rpc exception

Ove Kaaven ovek at arcticnet.no
Tue May 6 18:50:14 CDT 2003

tir, 06.05.2003 kl. 20.23 skrev Gregory M. Turner:
> On Monday 05 May 2003 07:28 pm, Ove Kaaven wrote:
> > tir, 06.05.2003 kl. 01.01 skrev Alexandre Julliard:
> > > Ove Kaaven <ovek at arcticnet.no> writes:
> > > > Hmm. That could be solved by making the try block a nested function
> > > > too, but I suppose that would bring some overhead...
> > >
> > > Even ignoring the overhead, I can't think of a way to declare that
> > > function with the right return type. But maybe I missed something...
> >
> > Hmm, true. I thought it might be possible to do some magic like
> > typeof(func()), but then you'd need to know the name of the function,
> > and I can't seem to find a gcc builtin that'll retrieve a reference to
> > the current function (or its return type). Anyone else have any ideas?
> > (No, __FUNCTION__ is a string, so it's no good.)
> hmm, that sucks... there are some fancy __builtin_apply and __builtin_return 
> thingys in gcc, not sure if those would help or not, they look like a bit of 
> a research project in-and-of-themselves.
> Of course, by using nested functions, this trick would limit our 
> implementation to gcc, no g++.

Maybe this particular implementation, but C++ has other mechanisms that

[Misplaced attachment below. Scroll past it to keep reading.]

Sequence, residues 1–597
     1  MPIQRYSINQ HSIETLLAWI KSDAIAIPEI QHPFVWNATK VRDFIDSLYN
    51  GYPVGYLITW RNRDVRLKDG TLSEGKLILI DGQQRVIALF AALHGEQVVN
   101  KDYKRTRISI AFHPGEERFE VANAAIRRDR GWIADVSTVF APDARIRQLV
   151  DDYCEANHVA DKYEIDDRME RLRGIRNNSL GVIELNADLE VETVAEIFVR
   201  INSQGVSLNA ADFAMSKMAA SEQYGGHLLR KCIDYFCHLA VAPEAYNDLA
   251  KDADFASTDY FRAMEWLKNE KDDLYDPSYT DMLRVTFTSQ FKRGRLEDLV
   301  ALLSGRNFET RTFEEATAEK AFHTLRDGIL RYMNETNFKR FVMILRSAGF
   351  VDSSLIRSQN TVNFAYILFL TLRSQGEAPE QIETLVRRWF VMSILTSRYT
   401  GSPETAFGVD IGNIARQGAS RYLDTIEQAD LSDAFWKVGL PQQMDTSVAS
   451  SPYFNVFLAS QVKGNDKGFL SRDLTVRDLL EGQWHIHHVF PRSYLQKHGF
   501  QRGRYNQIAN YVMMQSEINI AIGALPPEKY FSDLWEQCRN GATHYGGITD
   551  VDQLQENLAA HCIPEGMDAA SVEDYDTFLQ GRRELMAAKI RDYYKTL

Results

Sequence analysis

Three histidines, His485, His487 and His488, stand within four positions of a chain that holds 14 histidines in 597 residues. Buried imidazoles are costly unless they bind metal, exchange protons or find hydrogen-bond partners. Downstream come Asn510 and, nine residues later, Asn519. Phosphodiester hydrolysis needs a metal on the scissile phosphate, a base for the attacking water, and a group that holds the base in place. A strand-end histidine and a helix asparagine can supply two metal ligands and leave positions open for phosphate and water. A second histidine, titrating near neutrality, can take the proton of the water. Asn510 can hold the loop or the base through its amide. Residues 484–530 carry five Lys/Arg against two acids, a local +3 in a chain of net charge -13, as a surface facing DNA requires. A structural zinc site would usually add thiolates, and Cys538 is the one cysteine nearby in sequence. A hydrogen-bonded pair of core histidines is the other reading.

can be exploited. It might even be possible to bolt it on C++ native
exceptions. If not, return could be caught by e.g. using a temporary
object created in the try block which automatically unwinds the stack
when it's destroyed unexpectedly. C++ is so rich that it shouldn't be
hard to come up with such a technique, which is why I mostly concern
myself with C-specific techniques right now, and don't care about they
not working with g++; it should be completely acceptable to have one
implementation if __cplusplus is defined and another if not, as long as
it works, we don't have to limit ourselves to one implementation for
both if it's impossible to have one that way.

Apart from the ugliness, what was wrong with hijacking the return
address? It might be possible to put into the TEB any data you need that
you expect will go out of scope by the time the hijacker-function gets
invoked, I think.

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